The first, a self-described businessman decked out in designer suit, brogues and silk tie, blamed the country’s economic collapse on malfeasance, corruption and uncontrolled immigration. “The only way to teach our filthy politicians is to bring in Golden Dawn,” he trilled, his eyes locked in a fierce glare. “These gentlemen are patriots, proud Greek nationalists, and they know how to deal with the scum, the foreigners who never pay taxes, who steal our jobs, who have taken over our streets.”

Dismissing charges that Golden Dawn is a criminal gang masquerading as a political group, the second – a self-described government employee – said the far right was the best response yet to the great Jewish conspiracy of an interconnected banking system that has come with globalisation. “Let’s not forget all the faggots and the Jews, the wankers who control the banks, the foreigners who are behind them, who came in and fucked Greece,” he insisted. “The criminals who have governed us, who have robbed us of our future, of our dreams, need a big thwack.”

Last Wednesday Greece got that jolt when Nikos Michaloliakos, Golden Dawn’s imprisoned leader – who stands accused of murder and assault – made his first public appearance in almost nine months. The politics of hate took over Athens as the 58-year-old was hauled before parliament, ahead of a vote to lift his immunity from prosecution, on further charges of illegal weapons possession.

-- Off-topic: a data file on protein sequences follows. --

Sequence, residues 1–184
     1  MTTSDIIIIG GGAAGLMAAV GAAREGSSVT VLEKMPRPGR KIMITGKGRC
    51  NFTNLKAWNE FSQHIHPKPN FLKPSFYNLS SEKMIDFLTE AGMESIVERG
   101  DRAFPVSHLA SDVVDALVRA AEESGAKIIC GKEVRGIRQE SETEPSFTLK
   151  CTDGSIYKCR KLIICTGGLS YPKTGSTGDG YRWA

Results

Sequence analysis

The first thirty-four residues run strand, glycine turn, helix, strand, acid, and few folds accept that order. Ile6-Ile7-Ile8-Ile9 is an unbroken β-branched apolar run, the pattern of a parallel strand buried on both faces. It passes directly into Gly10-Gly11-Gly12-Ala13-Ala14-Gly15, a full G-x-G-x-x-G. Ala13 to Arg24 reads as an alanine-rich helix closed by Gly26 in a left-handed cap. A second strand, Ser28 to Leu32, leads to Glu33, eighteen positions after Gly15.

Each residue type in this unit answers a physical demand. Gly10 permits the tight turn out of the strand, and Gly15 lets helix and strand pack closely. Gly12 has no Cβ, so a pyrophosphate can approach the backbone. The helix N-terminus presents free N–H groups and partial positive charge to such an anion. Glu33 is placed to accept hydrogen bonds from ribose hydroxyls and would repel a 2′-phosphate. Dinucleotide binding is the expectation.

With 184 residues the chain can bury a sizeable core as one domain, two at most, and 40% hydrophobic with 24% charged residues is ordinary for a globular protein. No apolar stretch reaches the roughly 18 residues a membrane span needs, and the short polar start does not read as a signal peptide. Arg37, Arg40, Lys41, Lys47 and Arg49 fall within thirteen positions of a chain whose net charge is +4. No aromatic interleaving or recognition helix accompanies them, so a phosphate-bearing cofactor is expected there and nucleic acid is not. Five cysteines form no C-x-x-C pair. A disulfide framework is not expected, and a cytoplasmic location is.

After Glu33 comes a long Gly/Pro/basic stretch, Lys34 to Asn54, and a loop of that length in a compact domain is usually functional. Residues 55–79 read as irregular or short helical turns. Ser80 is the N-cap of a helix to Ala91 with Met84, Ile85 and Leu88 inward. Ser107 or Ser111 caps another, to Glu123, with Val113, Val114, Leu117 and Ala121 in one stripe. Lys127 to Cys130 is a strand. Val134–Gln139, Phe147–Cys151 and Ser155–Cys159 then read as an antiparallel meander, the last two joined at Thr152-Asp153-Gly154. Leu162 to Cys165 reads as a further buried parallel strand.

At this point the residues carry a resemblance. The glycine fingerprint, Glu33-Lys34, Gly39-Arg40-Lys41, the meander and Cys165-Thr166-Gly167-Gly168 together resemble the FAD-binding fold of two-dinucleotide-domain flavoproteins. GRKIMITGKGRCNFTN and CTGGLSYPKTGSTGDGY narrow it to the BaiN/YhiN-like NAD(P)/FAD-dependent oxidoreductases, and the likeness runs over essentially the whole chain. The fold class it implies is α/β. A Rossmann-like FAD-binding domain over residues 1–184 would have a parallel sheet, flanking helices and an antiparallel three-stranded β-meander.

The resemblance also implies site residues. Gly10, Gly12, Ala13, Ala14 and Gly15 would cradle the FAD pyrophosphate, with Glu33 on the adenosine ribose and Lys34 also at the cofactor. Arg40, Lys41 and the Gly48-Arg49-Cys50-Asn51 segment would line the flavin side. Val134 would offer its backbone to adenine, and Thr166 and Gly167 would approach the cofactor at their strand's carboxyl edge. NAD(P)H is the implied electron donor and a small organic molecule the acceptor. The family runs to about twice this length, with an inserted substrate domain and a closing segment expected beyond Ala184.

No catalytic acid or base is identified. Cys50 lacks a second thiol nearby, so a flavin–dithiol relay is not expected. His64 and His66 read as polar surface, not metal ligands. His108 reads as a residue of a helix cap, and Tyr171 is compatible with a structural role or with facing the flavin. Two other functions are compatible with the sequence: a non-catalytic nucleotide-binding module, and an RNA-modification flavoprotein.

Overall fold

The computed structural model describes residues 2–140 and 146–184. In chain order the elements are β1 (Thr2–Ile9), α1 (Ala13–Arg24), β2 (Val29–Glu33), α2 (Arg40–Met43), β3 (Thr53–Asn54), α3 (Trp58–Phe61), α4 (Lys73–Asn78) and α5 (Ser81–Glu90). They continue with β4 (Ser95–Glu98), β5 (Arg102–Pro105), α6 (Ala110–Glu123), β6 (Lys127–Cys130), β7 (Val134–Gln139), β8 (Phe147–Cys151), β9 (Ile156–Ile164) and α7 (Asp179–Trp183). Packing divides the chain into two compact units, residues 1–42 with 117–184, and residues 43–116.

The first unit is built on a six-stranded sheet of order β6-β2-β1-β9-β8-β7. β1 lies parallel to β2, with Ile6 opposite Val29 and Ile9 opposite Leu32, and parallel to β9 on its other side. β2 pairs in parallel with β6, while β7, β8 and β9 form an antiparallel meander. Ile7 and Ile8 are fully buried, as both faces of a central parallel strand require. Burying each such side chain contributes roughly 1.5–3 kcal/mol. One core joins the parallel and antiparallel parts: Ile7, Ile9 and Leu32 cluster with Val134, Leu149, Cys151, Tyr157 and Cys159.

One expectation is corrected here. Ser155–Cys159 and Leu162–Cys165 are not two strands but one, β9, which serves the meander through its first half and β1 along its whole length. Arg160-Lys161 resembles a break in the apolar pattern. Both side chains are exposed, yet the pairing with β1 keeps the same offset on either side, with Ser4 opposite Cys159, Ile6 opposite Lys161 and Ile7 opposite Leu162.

Emboldened by its recent success in European and local elections – in which the party emerged as the country’s third biggest political force, thanks to a softening of image that has attracted ever-growing numbers of the middle class – the extremists drove home the message that they were not only on the rebound but here to stay. And as they ran roughshod through the house of democracy, hurling abuse at other MPs in an unprecedented display of violence and vulgarity, there was no mistaking what Golden Dawn is: a party of neo-Nazi creed determined to overturn the democratic order. For, far from being contrite, the handcuffed Michaloliakos was in unusually aggressive mood, giving Nazi salutes, telling the house speaker to “shut up”, and instructing guards to take their hands off him.

Outside, black-shirted Golden Dawn supporters, lined up in military formation in Syntagma Square, gave a hearty rendition of the Nazi Horst Wessel song – albeit with Greek lyrics. All this was a far cry from the party’s recent efforts to distance itself from the thuggery and racist rhetoric from which it was born.

“That day democracy felt a bit weak,” said Pavlos Tzimas, a political commentator who has watched the party’s rise from its fringe group beginnings in the early 1980s. He has watched it grow from marginal group to mainstream party over the past three decades. “After all the revelations [about criminal activity], after all the prosecutions against its MPs, it still has the nerve to act in such a way, in scenes of hate that, frankly, I cannot recall ever being seen inside the parliament,” he sighed. “Golden Dawn is not a passing phase, it will not disappear with the end of the crisis, it feels untouchable, it fears nothing, and what we saw this week is its real face. It is not like other extremist parties in Europe. It is a true neo-Nazi force whose aim is to use democracy to destroy democracy.”